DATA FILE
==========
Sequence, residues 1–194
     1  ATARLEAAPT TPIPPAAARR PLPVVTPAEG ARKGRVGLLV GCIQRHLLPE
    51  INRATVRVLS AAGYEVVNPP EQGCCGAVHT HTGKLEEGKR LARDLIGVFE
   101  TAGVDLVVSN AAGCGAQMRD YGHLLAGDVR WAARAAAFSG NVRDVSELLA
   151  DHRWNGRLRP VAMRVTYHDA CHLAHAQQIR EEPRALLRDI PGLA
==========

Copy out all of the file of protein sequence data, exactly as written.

Sequence, residues 1–194
     1  ATARLEAAPT TPIPPAAARR PLPVVTPAEG ARKGRVGLLV GCIQRHLLPE
    51  INRATVRVLS AAGYEVVNPP EQGCCGAVHT HTGKLEEGKR LARDLIGVFE
   101  TAGVDLVVSN AAGCGAQMRD YGHLLAGDVR WAARAAAFSG NVRDVSELLA
   151  DHRWNGRLRP VAMRVTYHDA CHLAHAQQIR EEPRALLRDI PGLA